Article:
While taking afternoon tea overlooking glacial waters is a certain luxury, we found the pace and style of the meal on Star Princess to be very different from a traditional tearoom on land. Crisp linens and servers in formal attire greet guests, who have begun gathering outside the dining room 15 minutes before it opens for tea service. Small parties are sat together communally, which actually was the highlight of this experience because we were paired with a lovely Australian family. As there are no coincidences (right?), it made perfect sense that the wife had once run her own tea business and was very well acquainted with traditional afternoon tea customs.

The main frustration in getting to know our new friends was the continuous parade of servers to our table throughout the meal. The Star Princess’ format for afternoon tea is very much like a Brazilian charrascaria, without the green/red table marker to signal to the servers when you have had your fill. From the moment you are sat, tea is poured and servers begin making the rounds with silver trays of sandwiches, scones, preserves and cream, and desserts, a few of which we would recommend. We love that Princess ships treat their guests to afternoon tea, and would have found it more enjoyable if they altered their service style to allow guests to converse at their leisure, offered a small variety of quality teas, and baked lighter, more airy scones and desserts.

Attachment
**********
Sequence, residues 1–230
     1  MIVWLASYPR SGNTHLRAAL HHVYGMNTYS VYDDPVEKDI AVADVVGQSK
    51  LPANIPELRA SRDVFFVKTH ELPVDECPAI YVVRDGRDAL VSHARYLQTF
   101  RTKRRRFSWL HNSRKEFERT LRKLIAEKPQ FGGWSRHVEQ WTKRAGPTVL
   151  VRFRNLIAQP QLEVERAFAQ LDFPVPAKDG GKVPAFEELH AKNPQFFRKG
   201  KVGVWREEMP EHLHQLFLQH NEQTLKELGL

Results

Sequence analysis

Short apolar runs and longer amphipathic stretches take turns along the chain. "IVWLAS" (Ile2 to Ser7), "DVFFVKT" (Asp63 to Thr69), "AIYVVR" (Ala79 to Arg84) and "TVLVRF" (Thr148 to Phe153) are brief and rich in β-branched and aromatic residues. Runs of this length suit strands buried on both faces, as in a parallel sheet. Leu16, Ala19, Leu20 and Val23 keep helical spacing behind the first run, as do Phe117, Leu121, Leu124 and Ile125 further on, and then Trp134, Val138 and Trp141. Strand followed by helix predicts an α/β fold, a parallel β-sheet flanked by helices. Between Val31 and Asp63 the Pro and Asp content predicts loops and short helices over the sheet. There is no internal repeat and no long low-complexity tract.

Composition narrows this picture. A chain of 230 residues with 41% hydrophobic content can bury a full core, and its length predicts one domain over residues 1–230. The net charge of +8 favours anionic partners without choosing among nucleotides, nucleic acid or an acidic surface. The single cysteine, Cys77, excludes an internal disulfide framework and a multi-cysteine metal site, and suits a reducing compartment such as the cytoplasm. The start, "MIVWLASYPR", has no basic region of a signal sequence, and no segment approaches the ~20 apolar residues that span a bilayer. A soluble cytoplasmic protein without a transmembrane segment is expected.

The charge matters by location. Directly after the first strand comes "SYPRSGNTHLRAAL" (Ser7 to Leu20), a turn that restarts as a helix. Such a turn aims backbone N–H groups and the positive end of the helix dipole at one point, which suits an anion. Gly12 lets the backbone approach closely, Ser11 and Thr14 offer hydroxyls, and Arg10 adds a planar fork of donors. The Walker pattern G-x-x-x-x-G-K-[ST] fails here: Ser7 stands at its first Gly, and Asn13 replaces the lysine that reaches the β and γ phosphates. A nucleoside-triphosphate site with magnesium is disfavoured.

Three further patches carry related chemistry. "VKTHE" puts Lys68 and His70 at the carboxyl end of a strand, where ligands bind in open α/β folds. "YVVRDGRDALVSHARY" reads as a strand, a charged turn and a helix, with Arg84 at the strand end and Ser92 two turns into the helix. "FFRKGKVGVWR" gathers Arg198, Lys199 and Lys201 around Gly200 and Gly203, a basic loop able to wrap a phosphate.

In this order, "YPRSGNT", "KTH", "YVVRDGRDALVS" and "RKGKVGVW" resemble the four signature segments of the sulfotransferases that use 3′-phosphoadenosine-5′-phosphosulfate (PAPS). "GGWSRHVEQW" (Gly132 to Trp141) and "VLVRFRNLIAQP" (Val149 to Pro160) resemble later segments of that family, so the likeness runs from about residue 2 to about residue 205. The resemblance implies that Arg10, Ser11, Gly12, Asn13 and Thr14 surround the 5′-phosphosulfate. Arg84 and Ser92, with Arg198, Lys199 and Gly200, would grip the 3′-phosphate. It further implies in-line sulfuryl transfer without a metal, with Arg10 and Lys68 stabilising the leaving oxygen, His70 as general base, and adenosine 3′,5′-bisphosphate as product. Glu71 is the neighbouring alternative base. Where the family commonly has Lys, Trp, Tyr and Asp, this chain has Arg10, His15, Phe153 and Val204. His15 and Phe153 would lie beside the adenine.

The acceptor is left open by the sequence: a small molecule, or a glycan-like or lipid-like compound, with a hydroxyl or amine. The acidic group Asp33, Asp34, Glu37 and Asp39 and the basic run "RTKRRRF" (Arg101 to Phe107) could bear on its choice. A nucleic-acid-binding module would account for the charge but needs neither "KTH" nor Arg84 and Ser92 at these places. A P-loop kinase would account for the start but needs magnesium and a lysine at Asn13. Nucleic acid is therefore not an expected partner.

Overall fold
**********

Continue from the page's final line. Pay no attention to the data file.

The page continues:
Waiting outside the Portofino dining room for afternoon tea to begin
Tables are set for the arriving tea guests
Nothing fancy, dishware is utilitarian white stoneware

Tea Service

Our resident tea aficionado couldn’t get more than “black tea” as an answer to her question about the type of tea we were served from silver pots, but she wondered if it might have been stewed (ha!). It was a strong, slightly bitter brew.

Scones & Spreads, Savories and Sweets